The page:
It was on 25 October that, thanks to concerted action by Guessous and Abdessadeq, a series of events took place which had unforeseen consequences.

That morning Guessous was received in Rabat by the Executive Committee of the Istiqlal. He told them of his plan to meet El Glaoui, that the way had been prepared by Abdessadeq, and that the aim was to induce El Glaoui to change his attitude towards the Council of the Throne and the Sultan. The Executive, initially both surprised and sceptical, finally authorised Guessous and two of their number to undertake the mission. Abdessadeq had been waiting outside in the hall, and, on being informed of the Executive's decision, immediately took the three nationalists to meet his father.

This took place on the very day when El Glaoui was expected in Rabat to recognise the Council of the Throne. Old and ill, the Pasha had left Marrakesh that morning and was by then at his palace in Casablanca, en route for Rabat. There he received the delegation.

After introductions by Abdessadeq, Guessous opened the dialogue by telling El Glaoui that he regretted all the bitterness he had harboured against him for many years. This honesty and humility touched the old man deeply, and he embraced Guessous. The onlookers found tears coming to their eyes.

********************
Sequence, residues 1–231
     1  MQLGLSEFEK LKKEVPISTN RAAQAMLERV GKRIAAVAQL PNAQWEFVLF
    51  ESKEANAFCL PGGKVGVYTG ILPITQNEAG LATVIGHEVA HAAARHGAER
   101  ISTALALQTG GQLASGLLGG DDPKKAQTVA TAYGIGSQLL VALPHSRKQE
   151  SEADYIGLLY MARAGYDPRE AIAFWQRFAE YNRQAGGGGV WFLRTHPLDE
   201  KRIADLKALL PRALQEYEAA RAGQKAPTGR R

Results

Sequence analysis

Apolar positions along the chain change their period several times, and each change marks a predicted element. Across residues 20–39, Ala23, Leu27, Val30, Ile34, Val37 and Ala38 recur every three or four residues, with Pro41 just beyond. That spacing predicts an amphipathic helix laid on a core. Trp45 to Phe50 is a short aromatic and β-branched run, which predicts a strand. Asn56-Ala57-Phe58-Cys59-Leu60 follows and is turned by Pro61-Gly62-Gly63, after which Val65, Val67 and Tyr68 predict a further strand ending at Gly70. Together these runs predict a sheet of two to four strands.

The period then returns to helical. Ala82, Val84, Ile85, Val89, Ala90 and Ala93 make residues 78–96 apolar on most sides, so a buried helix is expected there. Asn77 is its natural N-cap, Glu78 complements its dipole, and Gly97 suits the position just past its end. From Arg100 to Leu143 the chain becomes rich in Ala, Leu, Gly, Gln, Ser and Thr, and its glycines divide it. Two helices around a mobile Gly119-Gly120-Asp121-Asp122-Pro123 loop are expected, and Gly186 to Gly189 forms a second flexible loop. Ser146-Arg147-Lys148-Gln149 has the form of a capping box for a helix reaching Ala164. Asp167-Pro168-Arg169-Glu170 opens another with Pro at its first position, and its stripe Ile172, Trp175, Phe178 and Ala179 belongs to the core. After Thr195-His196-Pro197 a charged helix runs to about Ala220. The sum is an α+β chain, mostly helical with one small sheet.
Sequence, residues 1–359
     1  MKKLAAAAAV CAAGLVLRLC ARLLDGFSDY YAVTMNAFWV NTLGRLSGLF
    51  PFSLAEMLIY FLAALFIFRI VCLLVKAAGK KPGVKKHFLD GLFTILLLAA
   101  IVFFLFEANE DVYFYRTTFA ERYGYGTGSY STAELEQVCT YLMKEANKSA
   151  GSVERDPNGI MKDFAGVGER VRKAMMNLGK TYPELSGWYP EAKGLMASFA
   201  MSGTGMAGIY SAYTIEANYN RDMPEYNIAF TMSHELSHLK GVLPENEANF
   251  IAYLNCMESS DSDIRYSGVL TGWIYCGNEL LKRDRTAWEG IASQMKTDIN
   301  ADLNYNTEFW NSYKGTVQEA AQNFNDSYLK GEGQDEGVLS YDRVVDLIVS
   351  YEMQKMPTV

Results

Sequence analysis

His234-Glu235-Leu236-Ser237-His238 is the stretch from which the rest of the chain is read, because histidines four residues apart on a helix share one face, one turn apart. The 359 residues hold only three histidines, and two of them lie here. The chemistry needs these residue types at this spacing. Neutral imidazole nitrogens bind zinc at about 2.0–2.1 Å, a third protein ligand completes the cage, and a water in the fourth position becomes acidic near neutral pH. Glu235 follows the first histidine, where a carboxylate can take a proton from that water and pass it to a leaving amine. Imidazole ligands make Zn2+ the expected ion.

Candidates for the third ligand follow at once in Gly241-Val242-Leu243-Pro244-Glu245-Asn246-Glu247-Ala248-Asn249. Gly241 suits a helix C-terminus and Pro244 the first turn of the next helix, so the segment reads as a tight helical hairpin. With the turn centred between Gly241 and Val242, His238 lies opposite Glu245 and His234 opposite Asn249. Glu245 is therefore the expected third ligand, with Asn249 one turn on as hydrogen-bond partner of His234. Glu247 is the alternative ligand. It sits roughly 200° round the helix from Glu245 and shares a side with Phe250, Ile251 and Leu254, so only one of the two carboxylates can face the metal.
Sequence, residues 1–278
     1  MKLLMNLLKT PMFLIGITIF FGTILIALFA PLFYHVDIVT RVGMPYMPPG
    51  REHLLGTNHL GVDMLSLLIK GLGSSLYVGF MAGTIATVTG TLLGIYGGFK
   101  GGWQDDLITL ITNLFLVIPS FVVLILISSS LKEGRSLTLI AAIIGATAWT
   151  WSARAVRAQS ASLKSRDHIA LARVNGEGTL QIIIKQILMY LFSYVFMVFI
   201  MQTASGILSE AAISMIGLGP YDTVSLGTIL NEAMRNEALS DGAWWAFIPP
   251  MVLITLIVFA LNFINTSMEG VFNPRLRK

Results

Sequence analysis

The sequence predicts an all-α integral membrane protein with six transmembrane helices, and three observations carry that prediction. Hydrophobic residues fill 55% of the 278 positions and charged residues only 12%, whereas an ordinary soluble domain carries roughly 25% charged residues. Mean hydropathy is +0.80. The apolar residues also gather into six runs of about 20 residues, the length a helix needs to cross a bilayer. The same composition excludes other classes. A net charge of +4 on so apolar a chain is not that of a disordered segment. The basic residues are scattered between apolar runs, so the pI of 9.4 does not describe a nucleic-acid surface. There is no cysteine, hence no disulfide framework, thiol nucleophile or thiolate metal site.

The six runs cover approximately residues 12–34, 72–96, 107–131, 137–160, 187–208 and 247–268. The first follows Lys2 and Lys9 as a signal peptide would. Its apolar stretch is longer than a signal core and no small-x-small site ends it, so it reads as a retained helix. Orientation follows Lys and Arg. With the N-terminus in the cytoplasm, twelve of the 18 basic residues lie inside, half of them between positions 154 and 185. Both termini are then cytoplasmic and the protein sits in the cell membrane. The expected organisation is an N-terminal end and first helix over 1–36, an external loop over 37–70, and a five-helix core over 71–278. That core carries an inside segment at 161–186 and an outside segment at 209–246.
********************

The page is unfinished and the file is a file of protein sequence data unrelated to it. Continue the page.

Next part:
The Pasha then asked his visitors to stay for lunch. It was during this meal that Guessous, supported by his colleagues and by Abdessadeq, presented their plan for national reconciliation, based on a reconciliation between El Glaoui himself and Sultan Sidi Mohammed Ben Youssef. They worked hard and managed to formulate, little by little, the five points on which a settlement could be based. El Glaoui then wanted to give his visitors a large sum of money in gratitude. They refused, saying that they were activated only by concern with what was best for all parties and for the country as a whole. At 3.15 in the afternoon El Glaoui left for Rabat.

In Rabat the Council of the Throne awaited him. Its president received him and asked him if he wished to make any declaration. Then in Maxwell's words, El Glaoui 'entered the throne room, and before the Council made the speech that set his whole life's work at naught: "I identify myself with the will of the Moroccan people for the restoration of the rightful Sultan Mohammed Ben Youssef and for his immediate return from Madagascar." The brief session closed with scenes of incredulous jubilation. [El Glaoui] and his retinue left the Palace to find a vast throng awaiting them outside, among them clamorous journalists of all nations. They pressed round him as he entered his car, saying, "Excellency, show us your declaration!" but the old man was now showing signs of acute fatigue and replied, "Address yourselves to my son Si Abdessadeq."'5This declaration became known as 'the Pasha's Bombshell'.